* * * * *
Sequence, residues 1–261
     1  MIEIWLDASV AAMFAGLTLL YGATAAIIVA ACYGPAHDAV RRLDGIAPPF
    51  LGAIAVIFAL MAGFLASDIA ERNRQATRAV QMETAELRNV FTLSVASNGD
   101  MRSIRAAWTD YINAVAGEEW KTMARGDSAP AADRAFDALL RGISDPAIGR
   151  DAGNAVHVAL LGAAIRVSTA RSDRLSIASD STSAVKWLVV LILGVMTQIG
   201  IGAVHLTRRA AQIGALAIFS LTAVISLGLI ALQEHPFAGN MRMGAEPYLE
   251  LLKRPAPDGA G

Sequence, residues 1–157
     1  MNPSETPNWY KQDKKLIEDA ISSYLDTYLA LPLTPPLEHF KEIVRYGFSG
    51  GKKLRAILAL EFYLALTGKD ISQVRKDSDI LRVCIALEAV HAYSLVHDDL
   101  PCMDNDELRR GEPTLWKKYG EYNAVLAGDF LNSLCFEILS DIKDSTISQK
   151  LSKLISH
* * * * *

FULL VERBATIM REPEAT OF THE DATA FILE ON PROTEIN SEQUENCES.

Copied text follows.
Sequence, residues 1–261
     1  MIEIWLDASV AAMFAGLTLL YGATAAIIVA ACYGPAHDAV RRLDGIAPPF
    51  LGAIAVIFAL MAGFLASDIA ERNRQATRAV QMETAELRNV FTLSVASNGD
   101  MRSIRAAWTD YINAVAGEEW KTMARGDSAP AADRAFDALL RGISDPAIGR
   151  DAGNAVHVAL LGAAIRVSTA RSDRLSIASD STSAVKWLVV LILGVMTQIG
   201  IGAVHLTRRA AQIGALAIFS LTAVISLGLI ALQEHPFAGN MRMGAEPYLE
   251  LLKRPAPDGA G

Sequence, residues 1–157
     1  MNPSETPNWY KQDKKLIEDA ISSYLDTYLA LPLTPPLEHF KEIVRYGFSG
    51  GKKLRAILAL EFYLALTGKD ISQVRKDSDI LRVCIALEAV HAYSLVHDDL
   101  PCMDNDELRR GEPTLWKKYG EYNAVLAGDF LNSLCFEILS DIKDSTISQK
   151  LSKLISH